We are never ever, ever getting back together – Mitosis

0
193
Mitosis
ThoughtCo

The title “We are never ever, ever getting back together- cell division” means that the two daughter cells formed as a result of Mitosis never going to return to became parent cells again. This article focuses on mitotic cell division.

To read the introductory part of cell division, go through the link –https://www.anthromania.com/2021/06/16/how-cells-in-our-body-divide/

Mitosis 

Mitos means thread or fibril. Mitosis term is given by Flemming (1882).

Mitosis, also known as Equational Division or Somatic cell division which refers that chromosomes equally distributed both quantitatively and qualitatively from parent cells to two daughter nuclei. This division maintains the chromosomes no. for generations.

Mitosis involves the division of the nucleus which is followed by the division of the cytoplasm. When the cell is not ready to divide then it is known as the Interphase stage. During this phase, chromosomes are not clearly visible.

Mitosis (photo- Adobe Stock)

An elaborate process is necessary for forming two daughter cells out of the parent cell. The whole process studied under 4 stages

Prophase

Mitosis-Prophase (photo- SlideShare)

Chromosomes visible as long, slender and coiled thread. They get shorten and thicken.

Each chromosome is seen to be made of two identical strands known as Chromatids lined against each other throughout the length. A chromosome bears a constriction, a region of attachment of two chromatids at a single point known as centromere or kinetochore.

During this stage, the nucleus and nuclear membrane disappear and a spindle shape body known as a nuclear spindle or mitotic spindle is formed.

As prophase advances, the chromatids become closely coiled and the double nature of chromosomes disappear.

Metaphase

Mitosis- Metaphase (photo- Let’s Talk Science)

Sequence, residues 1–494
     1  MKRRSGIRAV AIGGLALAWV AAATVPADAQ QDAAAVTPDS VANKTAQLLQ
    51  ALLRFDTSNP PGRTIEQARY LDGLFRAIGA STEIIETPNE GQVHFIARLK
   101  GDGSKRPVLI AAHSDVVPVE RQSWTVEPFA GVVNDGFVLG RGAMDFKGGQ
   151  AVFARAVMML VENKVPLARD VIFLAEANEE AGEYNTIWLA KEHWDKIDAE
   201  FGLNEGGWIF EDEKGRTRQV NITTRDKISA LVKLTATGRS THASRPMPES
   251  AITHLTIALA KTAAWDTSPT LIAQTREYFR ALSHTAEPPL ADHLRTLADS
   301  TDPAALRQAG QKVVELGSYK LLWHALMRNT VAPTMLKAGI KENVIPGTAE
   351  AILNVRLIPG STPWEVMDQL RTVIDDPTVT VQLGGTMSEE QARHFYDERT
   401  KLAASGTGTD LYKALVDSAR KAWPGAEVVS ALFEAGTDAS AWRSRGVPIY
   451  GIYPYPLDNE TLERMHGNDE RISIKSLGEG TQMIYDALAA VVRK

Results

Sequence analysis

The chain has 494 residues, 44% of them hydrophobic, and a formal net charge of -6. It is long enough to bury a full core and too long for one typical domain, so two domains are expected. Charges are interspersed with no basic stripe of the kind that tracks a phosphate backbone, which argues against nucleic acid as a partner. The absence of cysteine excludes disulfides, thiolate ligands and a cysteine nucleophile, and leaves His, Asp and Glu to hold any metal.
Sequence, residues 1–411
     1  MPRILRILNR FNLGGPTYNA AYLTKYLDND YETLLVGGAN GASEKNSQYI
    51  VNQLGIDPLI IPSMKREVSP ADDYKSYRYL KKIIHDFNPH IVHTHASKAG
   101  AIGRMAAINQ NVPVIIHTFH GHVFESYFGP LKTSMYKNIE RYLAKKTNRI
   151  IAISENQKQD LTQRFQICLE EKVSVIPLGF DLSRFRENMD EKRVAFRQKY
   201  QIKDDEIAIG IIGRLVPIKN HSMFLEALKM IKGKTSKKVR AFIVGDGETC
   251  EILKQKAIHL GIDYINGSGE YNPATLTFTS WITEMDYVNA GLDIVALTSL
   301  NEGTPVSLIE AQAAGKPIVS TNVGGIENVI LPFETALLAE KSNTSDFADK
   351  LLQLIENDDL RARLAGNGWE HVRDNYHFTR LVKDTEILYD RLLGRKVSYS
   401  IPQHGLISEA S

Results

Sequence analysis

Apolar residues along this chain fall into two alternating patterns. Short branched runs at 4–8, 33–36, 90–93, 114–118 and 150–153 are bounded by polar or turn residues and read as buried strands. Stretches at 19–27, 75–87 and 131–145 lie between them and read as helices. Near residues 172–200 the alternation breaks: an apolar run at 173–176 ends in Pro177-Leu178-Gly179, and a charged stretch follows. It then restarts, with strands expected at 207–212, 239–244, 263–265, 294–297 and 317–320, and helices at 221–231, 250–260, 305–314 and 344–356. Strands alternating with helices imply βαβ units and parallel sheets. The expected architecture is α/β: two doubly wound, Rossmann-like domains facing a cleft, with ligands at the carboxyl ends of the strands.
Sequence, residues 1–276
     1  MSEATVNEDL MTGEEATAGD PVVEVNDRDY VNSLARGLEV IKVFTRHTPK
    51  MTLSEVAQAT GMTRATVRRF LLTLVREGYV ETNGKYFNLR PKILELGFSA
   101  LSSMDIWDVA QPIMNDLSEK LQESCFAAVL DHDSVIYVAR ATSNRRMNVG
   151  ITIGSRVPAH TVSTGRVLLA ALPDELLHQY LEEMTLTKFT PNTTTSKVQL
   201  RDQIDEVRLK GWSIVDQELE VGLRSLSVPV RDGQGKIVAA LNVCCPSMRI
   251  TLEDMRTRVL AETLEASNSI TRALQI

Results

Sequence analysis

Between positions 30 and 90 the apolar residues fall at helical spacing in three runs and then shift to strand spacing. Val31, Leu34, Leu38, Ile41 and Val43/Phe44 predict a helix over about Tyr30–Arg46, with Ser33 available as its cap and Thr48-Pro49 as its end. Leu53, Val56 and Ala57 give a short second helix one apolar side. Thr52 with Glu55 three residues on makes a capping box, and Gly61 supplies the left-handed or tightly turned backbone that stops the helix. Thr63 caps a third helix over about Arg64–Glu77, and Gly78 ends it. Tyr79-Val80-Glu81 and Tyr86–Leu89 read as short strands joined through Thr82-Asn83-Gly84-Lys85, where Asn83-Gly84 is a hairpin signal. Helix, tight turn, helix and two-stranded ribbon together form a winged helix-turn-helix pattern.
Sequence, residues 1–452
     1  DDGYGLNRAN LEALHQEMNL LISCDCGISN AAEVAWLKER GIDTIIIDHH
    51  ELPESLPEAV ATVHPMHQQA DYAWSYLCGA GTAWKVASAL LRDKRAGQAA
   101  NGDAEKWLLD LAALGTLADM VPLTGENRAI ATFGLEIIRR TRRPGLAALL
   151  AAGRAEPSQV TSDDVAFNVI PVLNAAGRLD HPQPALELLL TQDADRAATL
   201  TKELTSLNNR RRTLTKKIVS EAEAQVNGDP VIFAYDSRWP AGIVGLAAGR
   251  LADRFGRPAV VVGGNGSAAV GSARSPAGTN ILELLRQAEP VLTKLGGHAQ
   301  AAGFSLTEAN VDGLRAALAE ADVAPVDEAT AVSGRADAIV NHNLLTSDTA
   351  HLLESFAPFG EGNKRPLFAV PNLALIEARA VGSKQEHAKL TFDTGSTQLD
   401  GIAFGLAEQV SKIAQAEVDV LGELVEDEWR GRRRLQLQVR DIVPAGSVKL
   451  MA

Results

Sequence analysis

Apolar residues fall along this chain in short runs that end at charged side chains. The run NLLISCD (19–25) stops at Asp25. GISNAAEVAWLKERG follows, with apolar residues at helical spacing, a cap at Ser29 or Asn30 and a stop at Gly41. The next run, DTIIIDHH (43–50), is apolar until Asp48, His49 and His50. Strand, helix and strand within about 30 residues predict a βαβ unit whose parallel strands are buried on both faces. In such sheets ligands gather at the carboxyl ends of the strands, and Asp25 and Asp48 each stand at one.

During this phase, the chromosomes radially oriented in the equatorial plane. The two chromatids lie parallel to each other. The spindle extends into the nuclear area and occupies the centre of the cell. The spindle gets attached to the centromere. Fibres of the spindle that are attached with chromosomes are called the chromosomal fibres (discontinuous fibres or tactile fibres) while others are known as continuous fibres.

Anaphase

Mitosis- Anaphase (photo- Britannica)

In this stage, the chromosomes begin to disappear. Each centromere divides equally. First, the two centromeres and later on the chromatids are pulled apart. The two half or the identical sets of chromatids move to the opposite poles of the spindle. Thus the two chromatids become separated from each other. Each group contains the same no. of chromosomes.

Telophase

Mitosis- Telophase (photo- English Tenses)

It is the reverse of prophase. During this phase, nuclear envelop forms around each group at the opposite poles. The spindles disappear. Now the cell membrane gets constricted in between which results in the formation of two daughter cells. Each daughter cell has the same amount of cytoplasm and nucleus.

Significance of mitosis

  • Equal distribution of chromosomes in the daughter cells in terms of quality and quantity.
  • Maintains constant no. of chromosomes from generation to generation in all body cells of an organisms.
  • Maintains purity of gametes.

Read more :

Also, read other science-related topics-

Lightest solid material on earth: Graphene aerogel

LEAVE A REPLY

Please enter your comment!
Please enter your name here